Chapter 3, “Learning Mathematics Bilingually: An Integrated Language and Mathematics Model (ILMM) of Word Problem-Solving Processes in English as a Foreign Language” (Angela Berger) addresses the issue of interaction between mathematics and language, focusing specifically on cognitive processes involved in solving mathematical word problems. The chapter opens with an overview of previous conceptualizations of how mathematics and language are related, highlighting the issues pertaining to learning mathematics in a foreign language. It then moves on to present an Integrated Language and Mathematics Model (ILMM), which is based on the results of a study that utilized think-aloud protocols of 48 beginners in English language learning who were solving word problems. The model visualizes interaction between content and language-related processing while mathematical word problems are being solved in a foreign language, and it leads the author to conclude that cognitive and mathematical processes form a complex, integrated whole, and that therefore, deliberate attention to language needs to be given in the CLIL mathematics classroom.

Chapter 4, “A Bakhtinian Perspective on Language and Content Integration: Encountering the Alien Word in Second Language Mathematics Classroom” (Richard Barwell) uses Bakhtin’s dialogic theory of language and its key notions of heteroglossia, and centrifugal and centripetal forces as a basis for conceptualizing language and curricular content as one process. Using two examples from an ethnographic study of interaction in elementary school second language mathematics classroom in Canada, the author illustrates how such interactions are shaped by tensions between institutional and political requirements as well as students’ and teachers’ voices. According to Barwell, an important implication of this perspective on integration is that learners need to be supported in the development of content-related language and language awareness through suitable pedagogical approaches. This chapter concludes Part 1 of the book.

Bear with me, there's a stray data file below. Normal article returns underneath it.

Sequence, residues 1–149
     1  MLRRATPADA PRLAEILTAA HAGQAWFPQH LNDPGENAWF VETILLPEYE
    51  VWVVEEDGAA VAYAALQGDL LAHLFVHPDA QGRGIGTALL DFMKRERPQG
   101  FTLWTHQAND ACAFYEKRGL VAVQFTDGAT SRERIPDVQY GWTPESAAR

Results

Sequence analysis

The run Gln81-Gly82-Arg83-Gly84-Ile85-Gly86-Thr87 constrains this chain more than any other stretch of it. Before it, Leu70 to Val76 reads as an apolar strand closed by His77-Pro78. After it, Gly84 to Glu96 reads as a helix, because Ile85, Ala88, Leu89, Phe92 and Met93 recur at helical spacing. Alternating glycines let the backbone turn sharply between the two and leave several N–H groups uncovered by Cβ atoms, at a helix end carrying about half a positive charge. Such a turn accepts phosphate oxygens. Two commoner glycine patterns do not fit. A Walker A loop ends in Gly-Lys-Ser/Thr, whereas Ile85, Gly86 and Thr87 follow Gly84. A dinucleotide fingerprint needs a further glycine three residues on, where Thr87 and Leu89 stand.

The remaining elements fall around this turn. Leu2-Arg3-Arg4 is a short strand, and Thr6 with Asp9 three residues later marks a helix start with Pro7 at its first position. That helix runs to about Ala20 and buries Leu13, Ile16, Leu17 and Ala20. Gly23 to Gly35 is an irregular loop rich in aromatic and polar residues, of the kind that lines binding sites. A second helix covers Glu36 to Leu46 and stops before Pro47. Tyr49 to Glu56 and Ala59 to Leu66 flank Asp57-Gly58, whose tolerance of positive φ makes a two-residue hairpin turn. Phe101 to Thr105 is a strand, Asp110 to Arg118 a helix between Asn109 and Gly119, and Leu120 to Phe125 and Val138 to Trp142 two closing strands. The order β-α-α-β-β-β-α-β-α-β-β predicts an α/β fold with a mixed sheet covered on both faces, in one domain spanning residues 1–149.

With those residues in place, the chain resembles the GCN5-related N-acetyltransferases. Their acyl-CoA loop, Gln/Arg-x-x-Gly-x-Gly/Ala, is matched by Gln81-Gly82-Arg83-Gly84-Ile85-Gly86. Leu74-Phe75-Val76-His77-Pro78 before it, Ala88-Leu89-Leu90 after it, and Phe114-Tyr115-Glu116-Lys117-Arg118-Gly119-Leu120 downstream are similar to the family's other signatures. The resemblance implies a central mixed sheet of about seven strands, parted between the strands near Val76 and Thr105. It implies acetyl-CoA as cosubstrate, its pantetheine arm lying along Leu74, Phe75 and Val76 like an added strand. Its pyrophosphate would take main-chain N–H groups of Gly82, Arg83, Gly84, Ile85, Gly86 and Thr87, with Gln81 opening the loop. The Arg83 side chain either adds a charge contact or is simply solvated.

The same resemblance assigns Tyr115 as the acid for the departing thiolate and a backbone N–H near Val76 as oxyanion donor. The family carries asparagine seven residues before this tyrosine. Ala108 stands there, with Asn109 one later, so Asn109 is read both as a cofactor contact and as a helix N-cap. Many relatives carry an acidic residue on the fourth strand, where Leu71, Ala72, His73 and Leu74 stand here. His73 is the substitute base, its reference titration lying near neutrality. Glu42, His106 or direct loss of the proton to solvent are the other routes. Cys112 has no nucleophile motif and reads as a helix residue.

Chapter 5, “University Teachers’ Beliefs of Language and Content Integration in English-Medium Education in Multilingual University Settings (Emma Dafouz, Julia Hüttner and Ute Smit) presents a study of conceptualizations of content and language in English-medium education in multilingual university settings (EMEMUS). Specifically, using the corpus of 18 teacher interviews conducted at four institutions of higher education (one in Finland, one in the UK, one in Austria, and one in Spain), the study investigated teacher perspectives utilizing the ROAD-MAPPING framework (Dafouz & Smit, 2016). The results, which focus on participants’ position with regards to A, ING and AD of the ROAD-MAPPING framework (Agents, Internationalisation and Glocalisation, and Academic Disciplines) suggest a range of conceptualizations of integration of content and learning across the subjects and sites. Teacher beliefs about EMEMUS are shaped by the contexts and disciplines in which individuals work, and are located on a continuum from “similar” to “different” in relation to traditional monolingual education. This chapter raises important points about teacher agency in providing language scaffolding and making curriculum adaptations and about their views on diversity, and the use of languages other than English in EMEMUS settings.

Chapter 6, “CLIL Teachers’ Beliefs about Integration and about Their Professional Roles: Perspectives from a European Context” (Kristiina Skinnari and Eveliina Bovellan) examines what teacher accounts of how they understand CLIL reveal regarding their beliefs about integration and how teachers define their professional roles within CLIL. These research questions were informed by findings from a study by Morton (2012), which suggest relationships among teachers’ beliefs about the role of language in CLIL and their practical knowledge of learners, subject and self. The data used in this chapter comes from the ConCLIL project and was collected through semi-structured interviews with 12 secondary school CLIL teachers. Close reading, thematic analysis and comparison of the data revealed five major themes, which are discussed and illustrated with excerpts from the interviews: teacher content orientation, orientation to language and language teaching, subject-specific language, language as a tool, and additional benefits of integration. In line with Dalton-Puffer (2011), the authors conclude that language and content are integrated in dynamic ways and cannot be separated from each other.